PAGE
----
During election season, the variety of political information available can make it difficult to determine what is accurate and what is not.
Kevin Banda, Texas Tech associate professor of political science, said a lot of misinformation can be traced to the increase in news sources and media fragmentation, which has allowed the public to opt into choosing how they will receive their political news.
This typically leads to people receiving one-sided news from a source who agrees with their opinions, Banda said.
“They want to hear is that their team is good, and the other team is bad. So, people are probably opting into receiving junk news,” Banda said. “They’re predisposed to ignore news that suggests that the other team is good.”
Nick Bowman, Tech associate professor of journalism and creative media industries, said the majority of false information is spread in closed, tight-knit circles where people can latch on to an idea without verifying it.
“I see a lot of misinformation on Reddit and smaller sub-Reddits because you have like-minded people who are gathering together to discuss things,” Bowman said.
It is easiest for false information to be spread when people do not question what they are reading, Bowman said.
One way to prevent being influenced by misinformation and repetitive news is by practicing media literacy.
Rauf Arif, associate professor of journalism and creative media industries, said media literacy is the process of receiving information and then going and verifying that information with another source.
“What media literacy does to us, it tells us what reliable media is and what is the credible source of information,” Arif said.
Media literacy is important when consuming political information because it helps voters make informed decisions, Arif said.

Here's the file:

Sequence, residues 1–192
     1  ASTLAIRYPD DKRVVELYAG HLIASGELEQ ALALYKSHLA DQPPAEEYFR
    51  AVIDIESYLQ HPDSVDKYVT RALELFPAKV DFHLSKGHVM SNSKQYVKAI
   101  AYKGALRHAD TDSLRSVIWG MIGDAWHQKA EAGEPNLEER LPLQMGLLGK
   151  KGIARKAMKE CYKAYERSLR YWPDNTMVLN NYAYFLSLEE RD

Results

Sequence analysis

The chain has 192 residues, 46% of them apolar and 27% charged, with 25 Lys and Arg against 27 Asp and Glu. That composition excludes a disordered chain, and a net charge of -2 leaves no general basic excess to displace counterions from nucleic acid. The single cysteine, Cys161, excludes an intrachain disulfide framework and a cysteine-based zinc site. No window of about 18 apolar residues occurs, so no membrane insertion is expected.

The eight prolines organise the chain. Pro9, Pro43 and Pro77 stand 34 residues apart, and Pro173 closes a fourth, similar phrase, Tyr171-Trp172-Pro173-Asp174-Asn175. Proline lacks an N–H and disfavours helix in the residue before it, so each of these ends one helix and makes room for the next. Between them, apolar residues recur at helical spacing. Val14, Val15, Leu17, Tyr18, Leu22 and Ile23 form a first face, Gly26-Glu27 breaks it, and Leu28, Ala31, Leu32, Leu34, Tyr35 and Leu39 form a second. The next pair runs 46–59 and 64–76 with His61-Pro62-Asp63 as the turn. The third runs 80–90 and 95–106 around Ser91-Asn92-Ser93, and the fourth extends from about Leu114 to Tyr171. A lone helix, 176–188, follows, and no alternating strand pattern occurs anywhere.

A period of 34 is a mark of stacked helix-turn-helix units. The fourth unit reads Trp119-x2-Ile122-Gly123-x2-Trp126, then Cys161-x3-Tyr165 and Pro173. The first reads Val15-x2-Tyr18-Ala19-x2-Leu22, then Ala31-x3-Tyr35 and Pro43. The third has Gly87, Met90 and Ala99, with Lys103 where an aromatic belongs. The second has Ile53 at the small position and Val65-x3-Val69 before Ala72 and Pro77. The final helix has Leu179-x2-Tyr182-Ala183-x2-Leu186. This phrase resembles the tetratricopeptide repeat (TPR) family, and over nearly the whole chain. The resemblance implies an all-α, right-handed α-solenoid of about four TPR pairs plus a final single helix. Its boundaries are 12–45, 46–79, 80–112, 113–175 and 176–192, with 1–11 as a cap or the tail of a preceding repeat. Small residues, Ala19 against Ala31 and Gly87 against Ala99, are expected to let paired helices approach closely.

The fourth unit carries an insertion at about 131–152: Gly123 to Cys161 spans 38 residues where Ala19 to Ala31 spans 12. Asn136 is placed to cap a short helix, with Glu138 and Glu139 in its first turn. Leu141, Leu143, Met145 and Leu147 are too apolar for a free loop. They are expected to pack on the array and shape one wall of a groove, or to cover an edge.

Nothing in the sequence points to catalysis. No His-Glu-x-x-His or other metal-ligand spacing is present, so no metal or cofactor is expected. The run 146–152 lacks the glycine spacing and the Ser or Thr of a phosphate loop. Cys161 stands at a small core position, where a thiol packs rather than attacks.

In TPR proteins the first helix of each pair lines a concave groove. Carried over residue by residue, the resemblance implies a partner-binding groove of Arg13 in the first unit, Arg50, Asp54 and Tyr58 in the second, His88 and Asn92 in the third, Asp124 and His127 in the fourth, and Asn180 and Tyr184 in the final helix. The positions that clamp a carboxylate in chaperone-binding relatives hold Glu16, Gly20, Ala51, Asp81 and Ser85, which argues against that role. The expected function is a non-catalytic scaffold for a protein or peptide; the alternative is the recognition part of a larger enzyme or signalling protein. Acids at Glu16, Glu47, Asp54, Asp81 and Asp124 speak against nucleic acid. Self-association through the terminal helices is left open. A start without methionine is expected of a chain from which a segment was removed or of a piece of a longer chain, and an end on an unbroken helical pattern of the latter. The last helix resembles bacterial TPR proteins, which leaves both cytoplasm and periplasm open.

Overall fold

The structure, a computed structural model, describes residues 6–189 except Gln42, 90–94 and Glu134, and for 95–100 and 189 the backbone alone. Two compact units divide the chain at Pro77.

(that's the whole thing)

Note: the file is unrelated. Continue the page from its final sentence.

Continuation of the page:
To understand media literacy, people also must understand the role of the media, Arif said.
The media creates messages, disseminates messages and then ensures messages are conveyed as clearly as possible, Arif said.
There are multiple skills the public can incorporate into their daily news routine to become more media literate.
One way is by lateral reading, which is a way to confirm the accuracy of information, Bowman said. If there is a story that seems too good to be true, try to find the information from another source. The general public also could see if they can find the same quotes and images being used in other stories.
Another skill of media literacy is being able to recognize persuasive attempts, Bowman said. If the news source is being persuasive, understand what their end goal is and what they are trying to make the reader think.
Media consumers also should check to see if the news they get is making them overly-emotional, Bowman said.
“If your daily news routines just makes you fired up in the morning, you have a bad routine,” he said.
The news is generally boring, and if it makes one overly emotional, it is probably not based on facts, Bowman said.
Media consumers should also find their own credibility scale and find a daily news routine to stay informed, Bowman said.
Organizations, such as allsides.org, keep track of the credibility of various news sources, Bowman said. This is a good way to see how various news sources are ranked in terms of their credibility.
Another tip is to talk politics with friends and family, which allows greater understanding of how individuals interpret the news, Bowman said.
“Media literacy is not easy, but it is not hard either,” Bowman said. “It does require you to be interested in the news and to recognize the value of being an informed citizen not just on the facts but on the many perspectives and realities.”